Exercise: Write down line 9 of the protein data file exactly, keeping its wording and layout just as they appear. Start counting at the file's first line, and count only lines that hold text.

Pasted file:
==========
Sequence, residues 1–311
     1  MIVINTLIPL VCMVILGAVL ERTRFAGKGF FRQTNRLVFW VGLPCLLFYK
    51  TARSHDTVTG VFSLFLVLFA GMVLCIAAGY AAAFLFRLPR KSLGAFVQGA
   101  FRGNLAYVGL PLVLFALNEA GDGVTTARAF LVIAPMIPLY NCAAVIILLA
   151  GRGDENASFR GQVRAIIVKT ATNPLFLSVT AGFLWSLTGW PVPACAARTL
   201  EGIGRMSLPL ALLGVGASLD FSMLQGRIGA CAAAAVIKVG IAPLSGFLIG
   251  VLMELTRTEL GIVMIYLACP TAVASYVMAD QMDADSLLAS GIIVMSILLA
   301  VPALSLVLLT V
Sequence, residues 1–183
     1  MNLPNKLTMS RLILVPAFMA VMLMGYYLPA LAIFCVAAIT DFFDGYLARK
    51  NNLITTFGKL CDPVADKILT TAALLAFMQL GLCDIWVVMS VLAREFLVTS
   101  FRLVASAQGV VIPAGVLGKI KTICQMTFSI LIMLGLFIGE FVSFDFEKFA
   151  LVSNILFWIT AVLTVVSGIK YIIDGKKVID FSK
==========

Sequence, residues 1–183